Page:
Larry Everest (right) and Reiko Redmonde, have volunteered at Revolution Books for decades. Photo: Emily Dugdale
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Storied progressive Berkeley bookstore Revolution Books hopes to relocate this summer and has launched a crowdsourcing campaign to cover the moving costs.

The 27-year-old bookstore has been described as a “Berkeley institution” by celebrated local poet Robert Hass.

With its all-volunteer staff, and calendar of panel discussions and  programs in venues across Berkeley, the radical store sets itself apart from other independent bookstores in the Bay Area by its emphasis on social change. … Continue reading »

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University Village, Sprouts get (final) green light

A rendering of the new University Village development. Image: courtesy the City of Albany
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The disputed UC Berkeley land next to Albany’s Gill Tract is in contention no more. Last week, the California Court of Appeals ruled in favor of the university to build a senior housing development and Sprouts Farmers Market grocery store on San Pablo Avenue in University Village.

Read more on Berkeleyside’s coverage of Occupy the Farm.

The development, on a long-vacant lot next to the Gill Tract research field, has been the site of protests since April 2012 on the part of Occupy the Farm, which has stated that UC Berkeley’s plans would “pave over a rare natural resource” and that the Gill Tract is “public farmland that belongs to the people.”

Stefanie Rawlings, of Occupy the Farm, originally filed a lawsuit against the city of Albany and UC Berkeley that alleged that the city’s approved Environmental Impact Report was deficient. When Rawlings lost the suit, she filed an appeal on the grounds that the report did not lay out appropriate alternatives for the building plan, and that the city did not appropriately consider the alternatives listed. … Continue reading »

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Shop Talk: The ins and outs of Berkeley businesses

Phoenix Gym
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PHOENIX GYM OPENING Phoenix Gym opened its doors in West Berkeley this month. Phoenix Gym offers personal training and group bootcamps for all fitness goals and levels of expertise. Owner Kelly Mills plans to add more class times based on neighborhood interest and availability. “Moving into our own space has been nerve-wracking but really fun and exciting,” Mills said. The gym is in soft opening model in preparation for its mid-July grand opening, and is currently available for classes or training sessions. Sign up for personal training or a bootcamp at Phoenix Gym’s website, or by phone: 415-260-1112. Phoenix Gym is located at 1390 10th St., one block south of Gilman Street.Continue reading »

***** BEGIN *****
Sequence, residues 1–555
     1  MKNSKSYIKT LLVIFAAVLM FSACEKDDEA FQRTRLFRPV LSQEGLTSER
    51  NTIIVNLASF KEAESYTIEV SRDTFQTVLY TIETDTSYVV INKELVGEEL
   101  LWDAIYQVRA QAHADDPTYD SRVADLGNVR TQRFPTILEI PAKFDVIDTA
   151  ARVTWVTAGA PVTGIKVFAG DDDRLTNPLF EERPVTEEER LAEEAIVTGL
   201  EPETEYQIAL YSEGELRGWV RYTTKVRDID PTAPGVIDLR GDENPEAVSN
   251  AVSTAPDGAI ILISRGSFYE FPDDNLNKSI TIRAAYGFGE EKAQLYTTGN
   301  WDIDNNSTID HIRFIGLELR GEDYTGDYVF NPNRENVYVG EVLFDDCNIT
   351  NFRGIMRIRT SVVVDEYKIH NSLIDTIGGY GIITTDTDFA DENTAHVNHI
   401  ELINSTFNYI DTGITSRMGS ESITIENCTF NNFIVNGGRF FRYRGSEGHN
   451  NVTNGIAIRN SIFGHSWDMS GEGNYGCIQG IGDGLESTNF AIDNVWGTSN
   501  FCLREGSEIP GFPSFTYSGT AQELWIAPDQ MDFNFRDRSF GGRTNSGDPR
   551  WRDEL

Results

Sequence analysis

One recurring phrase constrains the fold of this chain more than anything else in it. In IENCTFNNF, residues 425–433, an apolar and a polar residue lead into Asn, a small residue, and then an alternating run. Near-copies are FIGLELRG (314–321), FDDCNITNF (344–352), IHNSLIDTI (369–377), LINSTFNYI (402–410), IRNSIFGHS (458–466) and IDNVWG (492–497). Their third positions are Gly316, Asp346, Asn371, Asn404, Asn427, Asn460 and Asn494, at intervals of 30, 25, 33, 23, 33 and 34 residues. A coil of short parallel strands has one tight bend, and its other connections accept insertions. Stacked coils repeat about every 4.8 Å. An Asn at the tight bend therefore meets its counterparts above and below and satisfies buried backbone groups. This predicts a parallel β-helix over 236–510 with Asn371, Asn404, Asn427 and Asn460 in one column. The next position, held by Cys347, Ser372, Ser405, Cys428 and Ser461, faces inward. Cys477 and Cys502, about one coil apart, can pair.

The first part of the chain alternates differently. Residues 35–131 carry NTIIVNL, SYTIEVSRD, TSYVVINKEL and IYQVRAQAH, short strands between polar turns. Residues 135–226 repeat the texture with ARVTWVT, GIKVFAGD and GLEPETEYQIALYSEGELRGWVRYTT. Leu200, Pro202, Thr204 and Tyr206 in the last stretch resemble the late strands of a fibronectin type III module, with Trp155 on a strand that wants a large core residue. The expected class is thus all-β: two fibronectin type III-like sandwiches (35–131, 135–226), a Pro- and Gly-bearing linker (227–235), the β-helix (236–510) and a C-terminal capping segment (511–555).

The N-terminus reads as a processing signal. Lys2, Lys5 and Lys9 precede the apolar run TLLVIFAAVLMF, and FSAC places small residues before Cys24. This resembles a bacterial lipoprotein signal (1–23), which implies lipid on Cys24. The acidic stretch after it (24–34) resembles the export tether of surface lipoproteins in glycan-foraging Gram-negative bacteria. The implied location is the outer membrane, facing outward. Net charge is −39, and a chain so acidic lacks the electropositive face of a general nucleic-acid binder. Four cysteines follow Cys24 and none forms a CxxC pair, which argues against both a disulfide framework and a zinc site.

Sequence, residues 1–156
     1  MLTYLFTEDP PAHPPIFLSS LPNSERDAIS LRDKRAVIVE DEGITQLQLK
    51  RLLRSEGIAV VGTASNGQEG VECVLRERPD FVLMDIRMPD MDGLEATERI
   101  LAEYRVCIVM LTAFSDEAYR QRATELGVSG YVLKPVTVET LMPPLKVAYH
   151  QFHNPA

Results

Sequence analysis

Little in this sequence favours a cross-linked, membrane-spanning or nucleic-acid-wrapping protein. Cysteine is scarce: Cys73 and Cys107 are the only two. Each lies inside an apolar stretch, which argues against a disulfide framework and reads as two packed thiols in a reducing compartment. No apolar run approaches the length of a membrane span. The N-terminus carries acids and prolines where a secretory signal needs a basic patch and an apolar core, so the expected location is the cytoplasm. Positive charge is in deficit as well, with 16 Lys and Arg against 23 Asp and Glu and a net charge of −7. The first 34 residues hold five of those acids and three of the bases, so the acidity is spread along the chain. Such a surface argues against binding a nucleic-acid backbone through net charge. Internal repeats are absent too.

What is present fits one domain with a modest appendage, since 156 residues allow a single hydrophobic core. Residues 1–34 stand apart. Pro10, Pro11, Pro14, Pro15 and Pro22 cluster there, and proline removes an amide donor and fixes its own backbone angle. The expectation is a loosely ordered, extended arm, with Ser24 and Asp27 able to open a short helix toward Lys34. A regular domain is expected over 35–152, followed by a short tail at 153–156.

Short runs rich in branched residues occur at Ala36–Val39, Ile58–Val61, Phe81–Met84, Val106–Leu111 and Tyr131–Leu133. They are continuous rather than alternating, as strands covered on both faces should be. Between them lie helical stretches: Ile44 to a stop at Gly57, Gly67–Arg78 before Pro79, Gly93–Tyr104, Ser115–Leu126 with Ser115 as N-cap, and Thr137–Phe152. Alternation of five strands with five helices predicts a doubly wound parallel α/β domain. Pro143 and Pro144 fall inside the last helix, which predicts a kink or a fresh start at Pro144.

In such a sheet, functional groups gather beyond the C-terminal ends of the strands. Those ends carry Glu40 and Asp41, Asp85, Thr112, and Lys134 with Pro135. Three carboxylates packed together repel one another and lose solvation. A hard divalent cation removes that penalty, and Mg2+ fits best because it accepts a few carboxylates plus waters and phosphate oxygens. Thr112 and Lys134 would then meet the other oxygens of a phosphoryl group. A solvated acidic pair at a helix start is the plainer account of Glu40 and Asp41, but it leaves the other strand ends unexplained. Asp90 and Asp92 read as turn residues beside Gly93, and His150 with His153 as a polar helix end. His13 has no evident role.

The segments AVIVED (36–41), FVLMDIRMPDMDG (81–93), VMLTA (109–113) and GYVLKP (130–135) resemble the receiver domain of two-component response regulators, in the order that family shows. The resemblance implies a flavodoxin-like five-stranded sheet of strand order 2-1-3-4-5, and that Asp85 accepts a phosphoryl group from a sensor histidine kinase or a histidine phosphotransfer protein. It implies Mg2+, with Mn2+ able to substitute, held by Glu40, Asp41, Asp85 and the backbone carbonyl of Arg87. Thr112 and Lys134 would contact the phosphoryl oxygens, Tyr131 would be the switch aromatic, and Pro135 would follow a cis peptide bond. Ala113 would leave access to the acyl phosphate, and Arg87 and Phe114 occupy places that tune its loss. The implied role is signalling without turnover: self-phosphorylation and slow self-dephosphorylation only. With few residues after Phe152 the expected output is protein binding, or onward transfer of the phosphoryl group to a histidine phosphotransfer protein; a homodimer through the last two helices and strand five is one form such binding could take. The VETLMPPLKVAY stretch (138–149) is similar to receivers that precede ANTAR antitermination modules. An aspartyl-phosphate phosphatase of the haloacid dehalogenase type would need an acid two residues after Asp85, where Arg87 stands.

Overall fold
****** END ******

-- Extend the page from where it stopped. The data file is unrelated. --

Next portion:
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Berkeley coding school aims to help close tech race gap

Co-founders Bianca Giandolfo and Albrey Brown from Telegraphy Academy. Photo: Melati Citrawireja
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While grinding through software coding courses at San Francisco programming school Hack Reactor, Albrey Brown, 24, often found himself as one of the few students of color in the room.

Meanwhile Bianca Gandolfo, 26 — like Brown a Hack Reactor alum and former instructor — used to view software engineering as a career path for “a white guy in a basement by himself.”

Instead of ignoring these realities, as some might, the tech-savvy duo decided to do something about it.

Enlisting Hack Reactor as a partner, the pair has launched Berkeley-based Telegraph Academy, a tech coding school that aims to teach software engineering to under-represented minorities and create a network of tech workers of color.

The first class of students, arriving at the Academy’s bustling Shattuck Avenue location from as far away as Honduras and the East Coast, will fire up their computers on June 29. … Continue reading »

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Urban Air Market hops the bay, lands in Berkeley

A crowd at the Urban Air Market. The San Francisco-based festival is branching out to Berkeley and Oakland locations. Photo: Urban Air Market
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The Urban Air Market, a festival for local designers, is hosting its first East Bay event in Berkeley on Saturday June 20. The Berkeley market, which has been in the works for nearly ten months, will set up shop on Allston Way adjacent to the weekly farmers market on Center Street.

Vendors hail from across the Bay Area and are independent artists, designers, and curators who use environmentally friendly and sustainable practices to create their products. Repurposed hardware, vintage-style, even products scavenged from landfills and reworked as high-end sustainable goods and fashion, are all markers of a UAM vendor. … Continue reading »